Creating An Abstract Factory (Modern and Victorian Furniture Maker) in Ruby

16 Jun 2020

The c2Wiki has a Roadmap for learning design patterns. I'm going to start by looking at each of the creational design patterns, and note what the purpose of each of them are.

Creational Design patterns: Brief intent overview

Abstract Factory Pattern in Ruby

Source: Refactoring.guru

Abstract factory is a creational design pattern that lets you produce families of related objects without specifying their concrete classes.

I went ahead and played around with this, and attempted to create my own version of abstract factory, using a furniture shop as an example. The final application creates one of each type of furniture. I'll put all my code below:

Modern Chair

The modern chair class has two methods, .describe_legs and .describe_sitting experience. The chair also has a name to reflect it's type. Same for the victorian chair.

I used the RSpec testing suites 'respond_to' method as an interface replacement, to make it explicit which methods the chair is supposed to implement.


require "modern_chair"

describe "modern_chair" do
  let(:modern_chair) { ModernChair.new }
  it { expect(modern_chair).to respond_to(:describe_legs) }
  it { expect(modern_chair).to respond_to(:describe_sitting_experience) }

  describe ".describe_legs" do
    it "has 3 bamboo legs" do
      expect(modern_chair.describe_legs).to eq("3 legs made of cream bamboo")
    end
  end

  describe ".describe_sitting_experience" do
    it "Like being wrapped in a cocoon" do
      expect(modern_chair.describe_sitting_experience).to eq("This round chair feels like being wrapped up in a cocoon")
    end
  end
end


class ModernChair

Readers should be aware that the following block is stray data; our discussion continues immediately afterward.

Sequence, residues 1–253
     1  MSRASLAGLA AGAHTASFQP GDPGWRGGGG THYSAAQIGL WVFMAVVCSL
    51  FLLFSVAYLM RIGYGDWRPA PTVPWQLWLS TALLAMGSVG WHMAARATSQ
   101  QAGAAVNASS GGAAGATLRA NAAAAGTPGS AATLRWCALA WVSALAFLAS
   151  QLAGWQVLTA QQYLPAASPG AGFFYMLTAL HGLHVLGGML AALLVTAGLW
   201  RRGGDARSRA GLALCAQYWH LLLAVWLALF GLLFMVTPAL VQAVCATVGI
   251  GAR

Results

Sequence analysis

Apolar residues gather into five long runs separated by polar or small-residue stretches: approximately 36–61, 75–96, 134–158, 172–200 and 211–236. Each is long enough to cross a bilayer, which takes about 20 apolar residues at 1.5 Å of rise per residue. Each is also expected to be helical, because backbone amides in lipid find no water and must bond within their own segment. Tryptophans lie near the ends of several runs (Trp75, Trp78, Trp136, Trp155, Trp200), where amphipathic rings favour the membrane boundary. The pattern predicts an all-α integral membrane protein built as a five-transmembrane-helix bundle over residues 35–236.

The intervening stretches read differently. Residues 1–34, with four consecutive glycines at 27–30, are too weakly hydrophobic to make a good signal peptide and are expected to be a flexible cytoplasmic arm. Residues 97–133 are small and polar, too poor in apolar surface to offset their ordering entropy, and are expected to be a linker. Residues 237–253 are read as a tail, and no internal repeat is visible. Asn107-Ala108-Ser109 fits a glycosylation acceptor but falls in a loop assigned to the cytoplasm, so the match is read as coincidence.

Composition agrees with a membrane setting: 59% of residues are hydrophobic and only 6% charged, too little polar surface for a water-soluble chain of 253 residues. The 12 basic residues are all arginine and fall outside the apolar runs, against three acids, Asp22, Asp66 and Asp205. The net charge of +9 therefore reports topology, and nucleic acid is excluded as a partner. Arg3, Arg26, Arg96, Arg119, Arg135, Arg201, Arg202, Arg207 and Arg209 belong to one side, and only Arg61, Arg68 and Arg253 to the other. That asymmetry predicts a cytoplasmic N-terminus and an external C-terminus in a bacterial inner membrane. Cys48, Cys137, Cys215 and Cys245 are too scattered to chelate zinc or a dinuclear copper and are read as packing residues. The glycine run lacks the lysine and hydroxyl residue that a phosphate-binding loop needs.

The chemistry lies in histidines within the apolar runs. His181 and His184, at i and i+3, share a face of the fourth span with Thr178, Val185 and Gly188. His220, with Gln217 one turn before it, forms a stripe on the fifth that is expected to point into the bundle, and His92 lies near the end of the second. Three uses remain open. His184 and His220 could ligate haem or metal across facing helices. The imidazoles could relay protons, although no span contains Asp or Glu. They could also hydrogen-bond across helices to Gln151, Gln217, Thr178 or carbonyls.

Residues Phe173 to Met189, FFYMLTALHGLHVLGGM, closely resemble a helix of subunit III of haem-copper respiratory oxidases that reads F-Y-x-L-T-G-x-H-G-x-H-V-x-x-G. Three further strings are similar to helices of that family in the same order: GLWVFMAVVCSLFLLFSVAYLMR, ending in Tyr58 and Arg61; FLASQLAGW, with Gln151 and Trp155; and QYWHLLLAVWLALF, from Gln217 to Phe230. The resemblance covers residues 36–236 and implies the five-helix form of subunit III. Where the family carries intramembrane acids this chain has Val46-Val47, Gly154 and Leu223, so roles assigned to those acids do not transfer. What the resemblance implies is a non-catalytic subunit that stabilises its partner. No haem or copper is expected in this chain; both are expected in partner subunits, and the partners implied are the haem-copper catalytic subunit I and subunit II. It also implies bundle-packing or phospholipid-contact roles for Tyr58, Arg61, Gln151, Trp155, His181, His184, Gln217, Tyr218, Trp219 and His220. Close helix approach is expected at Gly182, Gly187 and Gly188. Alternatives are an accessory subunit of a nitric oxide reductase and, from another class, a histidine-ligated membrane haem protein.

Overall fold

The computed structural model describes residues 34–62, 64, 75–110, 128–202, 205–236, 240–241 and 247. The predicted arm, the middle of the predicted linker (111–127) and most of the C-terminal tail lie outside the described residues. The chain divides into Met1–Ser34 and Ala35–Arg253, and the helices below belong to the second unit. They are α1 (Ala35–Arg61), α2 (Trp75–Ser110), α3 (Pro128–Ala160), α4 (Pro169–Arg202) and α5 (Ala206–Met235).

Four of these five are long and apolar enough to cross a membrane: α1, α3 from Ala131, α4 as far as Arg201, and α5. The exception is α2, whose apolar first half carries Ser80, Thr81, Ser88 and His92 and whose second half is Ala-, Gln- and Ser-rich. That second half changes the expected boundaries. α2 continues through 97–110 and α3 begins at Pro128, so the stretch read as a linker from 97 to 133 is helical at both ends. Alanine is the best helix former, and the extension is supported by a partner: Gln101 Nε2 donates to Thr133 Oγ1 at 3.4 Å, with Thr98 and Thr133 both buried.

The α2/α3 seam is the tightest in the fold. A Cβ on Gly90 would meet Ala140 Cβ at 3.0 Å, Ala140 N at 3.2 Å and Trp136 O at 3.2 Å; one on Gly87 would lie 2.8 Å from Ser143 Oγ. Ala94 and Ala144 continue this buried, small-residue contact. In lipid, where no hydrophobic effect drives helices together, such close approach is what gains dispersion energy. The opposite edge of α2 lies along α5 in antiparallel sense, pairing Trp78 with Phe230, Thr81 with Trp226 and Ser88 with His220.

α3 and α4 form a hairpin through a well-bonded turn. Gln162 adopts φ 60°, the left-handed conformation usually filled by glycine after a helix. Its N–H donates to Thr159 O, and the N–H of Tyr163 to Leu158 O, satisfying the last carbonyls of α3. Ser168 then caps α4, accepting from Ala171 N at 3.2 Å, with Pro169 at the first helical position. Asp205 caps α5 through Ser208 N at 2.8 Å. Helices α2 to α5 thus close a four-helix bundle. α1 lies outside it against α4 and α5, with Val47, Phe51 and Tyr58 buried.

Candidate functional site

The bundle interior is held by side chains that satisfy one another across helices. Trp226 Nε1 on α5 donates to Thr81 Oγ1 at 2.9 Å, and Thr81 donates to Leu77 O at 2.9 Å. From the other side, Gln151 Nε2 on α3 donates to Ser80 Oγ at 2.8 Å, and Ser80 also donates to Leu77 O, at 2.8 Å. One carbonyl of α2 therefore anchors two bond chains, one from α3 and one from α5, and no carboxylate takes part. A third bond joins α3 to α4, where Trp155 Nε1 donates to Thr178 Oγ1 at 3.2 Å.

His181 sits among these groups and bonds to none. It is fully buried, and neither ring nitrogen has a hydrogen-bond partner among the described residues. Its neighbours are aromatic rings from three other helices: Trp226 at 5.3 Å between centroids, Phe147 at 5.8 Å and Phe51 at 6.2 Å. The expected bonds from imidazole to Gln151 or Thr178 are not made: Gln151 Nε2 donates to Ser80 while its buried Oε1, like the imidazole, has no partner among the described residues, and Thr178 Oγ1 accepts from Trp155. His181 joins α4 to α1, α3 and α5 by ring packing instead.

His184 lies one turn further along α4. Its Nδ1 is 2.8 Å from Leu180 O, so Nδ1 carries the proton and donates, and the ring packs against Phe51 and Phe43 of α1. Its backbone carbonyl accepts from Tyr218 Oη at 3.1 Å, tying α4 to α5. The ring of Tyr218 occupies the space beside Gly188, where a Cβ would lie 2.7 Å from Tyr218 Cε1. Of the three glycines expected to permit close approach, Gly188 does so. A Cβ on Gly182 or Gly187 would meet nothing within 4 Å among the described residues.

attr_reader :name

  def initialize
    @name = "Modern Chair"
  end

  def describe_legs
    "3 legs made of cream bamboo"
  end

  def describe_sitting_experience
    "This round chair feels like being wrapped up in a cocoon"
  end
end

Modern Coffee Table

The modern coffee table has one method called .describe_surface. Same for the victorian chair.


require "modern_coffee_table"

describe "modern_coffee_table" do
  let(:modern_coffee_table) { ModernCoffeeTable.new }

  it { expect(modern_coffee_table).to respond_to(:describe_surface) }

  describe ".describe_table_surface" do
    it "Has a glass surface" do
      expect(modern_coffee_table.describe_surface).to eq("Glass surface. Funny when cats sit on it.")
    end
  end
end


class ModernCoffeeTable
  attr_reader :name

  def initialize
    @name = "Modern Coffee Table"
  end

  def describe_surface
    "Glass surface. Funny when cats sit on it."
  end
end

Modern Sofa

The modern sofa has one method, .describe_fabric. Same for the Victorian sofa.


require "modern_sofa"

describe "modern_sofa" do
  let(:modern_sofa) { ModernSofa.new }

  it { expect(modern_sofa).to respond_to(:describe_fabric) }

  describe ".describe_fabric" do
    it "Made from cotton" do
      expect(modern_sofa.describe_fabric).to eq("Made from cotton.")